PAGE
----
Perennial Species of Daisy Flowers

Updated February 21, 2017

Prized for their cheery appearance in the home landscape, many perennial species of daisy flowers are available. Including flowers in the aster or composite family, daisies typically display visible centres and a multitude of petals, or rays. Perennials make a lower maintenance addition to the home landscape than annuals because they bloom for several seasons, while annuals live out their entire life within a single year.

Shasta Daisy

Shasta daisies (Leucanthemum) are tall hybrid perennials that bloom from summer through fall. Blossoms reach a diameter of 3 inches, blooming atop green stems measuring approximately 3 feet. This daisy is well-suited for mass plantings or individual planting. In addition, the Perennial Plant Association named the shasta daisy's 'Becky' cultivar the 2003 Perennial of the Year. Thriving in areas that provide full sunlight, shasta daisies tolerate partial shade. Grow these perennials in moist, well-drained soil and deadhead older blossoms to promote new growth.

Painted Daisy

Painted daisies (Pyrethrum roseum or Chrysanthemum coccineum), commonly referred to as pyrethrum, are shrubby perennial flowers that display delicate vivid green foliage and single bloom daisies that grow on long stems reaching 12 to 24 inches in height. Painted daisies, as their name suggests, bloom in a variety of colours including red, white or pink with yellow centres. Flowering in early summer, painted daisies thrive in full sunlight to partial shade and prefer well-drained soil. In addition, this perennial daisy is a plant from which the organic insecticide "pyrethrum" is derived.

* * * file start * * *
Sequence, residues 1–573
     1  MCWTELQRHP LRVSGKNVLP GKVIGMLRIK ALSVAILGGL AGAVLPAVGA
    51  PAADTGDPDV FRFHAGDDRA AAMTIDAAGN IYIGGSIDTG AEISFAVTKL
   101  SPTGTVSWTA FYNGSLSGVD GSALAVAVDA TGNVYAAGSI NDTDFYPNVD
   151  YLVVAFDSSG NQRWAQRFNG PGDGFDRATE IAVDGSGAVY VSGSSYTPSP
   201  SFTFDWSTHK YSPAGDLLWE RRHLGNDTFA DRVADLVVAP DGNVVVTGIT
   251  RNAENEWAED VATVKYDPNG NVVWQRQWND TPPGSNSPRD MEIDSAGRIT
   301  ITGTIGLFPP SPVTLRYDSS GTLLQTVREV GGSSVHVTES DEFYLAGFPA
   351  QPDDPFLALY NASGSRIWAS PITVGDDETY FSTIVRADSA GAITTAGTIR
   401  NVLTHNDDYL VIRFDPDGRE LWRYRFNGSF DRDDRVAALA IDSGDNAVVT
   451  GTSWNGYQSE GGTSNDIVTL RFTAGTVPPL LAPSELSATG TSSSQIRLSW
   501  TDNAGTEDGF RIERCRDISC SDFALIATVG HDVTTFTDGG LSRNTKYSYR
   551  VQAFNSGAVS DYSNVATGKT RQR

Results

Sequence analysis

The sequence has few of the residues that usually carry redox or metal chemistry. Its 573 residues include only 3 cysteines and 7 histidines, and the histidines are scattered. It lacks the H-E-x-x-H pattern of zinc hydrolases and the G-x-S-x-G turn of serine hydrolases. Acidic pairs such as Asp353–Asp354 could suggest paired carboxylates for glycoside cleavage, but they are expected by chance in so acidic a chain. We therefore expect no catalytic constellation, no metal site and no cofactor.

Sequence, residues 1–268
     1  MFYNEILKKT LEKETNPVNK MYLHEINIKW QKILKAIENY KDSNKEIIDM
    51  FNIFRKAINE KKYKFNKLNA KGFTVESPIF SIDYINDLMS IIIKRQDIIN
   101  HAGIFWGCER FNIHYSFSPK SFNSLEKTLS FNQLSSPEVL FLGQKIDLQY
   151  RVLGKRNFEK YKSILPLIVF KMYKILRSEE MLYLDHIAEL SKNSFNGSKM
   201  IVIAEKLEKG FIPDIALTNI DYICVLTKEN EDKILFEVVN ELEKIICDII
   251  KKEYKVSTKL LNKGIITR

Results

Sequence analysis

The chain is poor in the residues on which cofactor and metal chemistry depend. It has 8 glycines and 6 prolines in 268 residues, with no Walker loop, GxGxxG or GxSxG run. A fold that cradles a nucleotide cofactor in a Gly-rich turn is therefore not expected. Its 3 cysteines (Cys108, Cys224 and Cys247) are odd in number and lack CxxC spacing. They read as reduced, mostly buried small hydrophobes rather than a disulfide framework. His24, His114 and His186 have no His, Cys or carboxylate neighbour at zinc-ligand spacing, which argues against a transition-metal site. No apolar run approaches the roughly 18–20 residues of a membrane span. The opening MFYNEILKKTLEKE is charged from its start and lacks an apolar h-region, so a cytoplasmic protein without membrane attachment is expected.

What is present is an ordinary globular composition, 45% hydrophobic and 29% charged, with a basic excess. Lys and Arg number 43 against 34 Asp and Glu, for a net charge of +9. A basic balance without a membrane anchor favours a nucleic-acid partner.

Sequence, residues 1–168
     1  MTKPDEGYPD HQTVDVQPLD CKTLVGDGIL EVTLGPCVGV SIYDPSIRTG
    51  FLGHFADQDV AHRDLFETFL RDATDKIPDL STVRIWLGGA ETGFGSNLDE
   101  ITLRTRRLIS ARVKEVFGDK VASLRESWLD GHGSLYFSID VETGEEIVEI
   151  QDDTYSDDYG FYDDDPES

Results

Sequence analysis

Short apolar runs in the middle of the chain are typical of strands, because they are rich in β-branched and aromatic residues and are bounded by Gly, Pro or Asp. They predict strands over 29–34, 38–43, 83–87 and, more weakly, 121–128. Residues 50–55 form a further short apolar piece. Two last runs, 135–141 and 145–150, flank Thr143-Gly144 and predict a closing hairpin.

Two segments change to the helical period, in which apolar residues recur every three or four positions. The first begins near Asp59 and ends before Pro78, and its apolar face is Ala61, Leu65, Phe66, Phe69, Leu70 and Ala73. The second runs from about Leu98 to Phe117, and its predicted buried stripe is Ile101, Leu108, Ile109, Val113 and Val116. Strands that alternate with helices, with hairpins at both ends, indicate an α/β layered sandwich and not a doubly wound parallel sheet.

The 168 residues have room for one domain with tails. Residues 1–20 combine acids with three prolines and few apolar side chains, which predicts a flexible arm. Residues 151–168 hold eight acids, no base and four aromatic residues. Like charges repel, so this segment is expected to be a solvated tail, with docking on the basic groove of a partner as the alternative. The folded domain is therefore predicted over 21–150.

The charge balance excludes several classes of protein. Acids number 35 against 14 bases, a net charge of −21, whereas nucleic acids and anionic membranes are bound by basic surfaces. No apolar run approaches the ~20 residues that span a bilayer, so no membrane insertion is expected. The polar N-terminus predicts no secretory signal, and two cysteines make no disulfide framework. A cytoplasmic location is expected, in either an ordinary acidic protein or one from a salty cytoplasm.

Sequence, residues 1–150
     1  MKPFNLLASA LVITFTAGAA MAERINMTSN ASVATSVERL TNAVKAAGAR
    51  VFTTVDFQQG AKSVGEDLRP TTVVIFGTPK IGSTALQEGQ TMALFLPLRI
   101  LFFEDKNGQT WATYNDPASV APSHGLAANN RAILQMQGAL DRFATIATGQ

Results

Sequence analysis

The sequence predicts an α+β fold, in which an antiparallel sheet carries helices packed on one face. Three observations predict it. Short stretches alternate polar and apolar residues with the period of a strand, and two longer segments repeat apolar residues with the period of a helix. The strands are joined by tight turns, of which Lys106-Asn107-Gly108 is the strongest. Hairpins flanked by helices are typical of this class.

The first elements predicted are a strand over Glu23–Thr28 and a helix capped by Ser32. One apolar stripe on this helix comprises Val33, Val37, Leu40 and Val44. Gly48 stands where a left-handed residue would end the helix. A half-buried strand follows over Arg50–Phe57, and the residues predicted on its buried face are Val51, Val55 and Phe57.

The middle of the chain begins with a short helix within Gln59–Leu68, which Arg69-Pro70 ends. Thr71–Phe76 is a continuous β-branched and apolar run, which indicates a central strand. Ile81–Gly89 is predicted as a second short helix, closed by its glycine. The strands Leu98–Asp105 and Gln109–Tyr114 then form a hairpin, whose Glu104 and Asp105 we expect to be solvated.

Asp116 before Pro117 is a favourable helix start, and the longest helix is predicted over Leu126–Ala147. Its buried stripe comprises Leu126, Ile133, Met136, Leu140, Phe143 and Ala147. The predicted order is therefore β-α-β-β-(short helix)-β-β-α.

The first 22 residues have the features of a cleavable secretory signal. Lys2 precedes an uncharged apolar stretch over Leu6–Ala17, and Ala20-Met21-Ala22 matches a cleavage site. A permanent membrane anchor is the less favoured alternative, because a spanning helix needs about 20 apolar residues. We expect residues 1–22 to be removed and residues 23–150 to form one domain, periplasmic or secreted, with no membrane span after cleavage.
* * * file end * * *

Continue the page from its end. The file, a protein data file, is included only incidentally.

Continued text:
English Daisy

English daisies (Bellis perennis) are small spring-blooming perennial daisies that display flowers in hues of red, pink or white. Reaching a mature height of 3 to 6 inches, English daisies can get out of control and become weeds when they leave the home gardening space. Grow these perennial plants in areas that offer full sunlight to light shade in cool, moist soil with good fertility. Consider different cultivars when choosing colours and form. Crimson Ball, for example, produces crimson hued globe-shaped flowers while Early White yields double white blooms.

Oxeye Daisy

Oxeye daisies (Leucanthemum vulgare) are short-lived perennials both favoured as flowers and considered weeds. With 2-inch white blossoms on thin, 2-foot stems, these daisies often appear on roadsides because they thrive in poor soil conditions. Blooming in May, these flowers crop up in large groups. If you choose to grow these flowers in your garden, select a spot that receives full sunlight. Because of its invasive tendencies, do not plant oxeye daisies near crops.

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About the Author

Tarah Damask's writing career began in 2003 and includes experience as a fashion writer/editor for Neiman Marcus, short fiction publications in "North Texas Review," a self-published novel, band biographies, charter school curriculum and articles for various websites. Damask holds a Master of Arts in English and creative writing from the University of North Texas.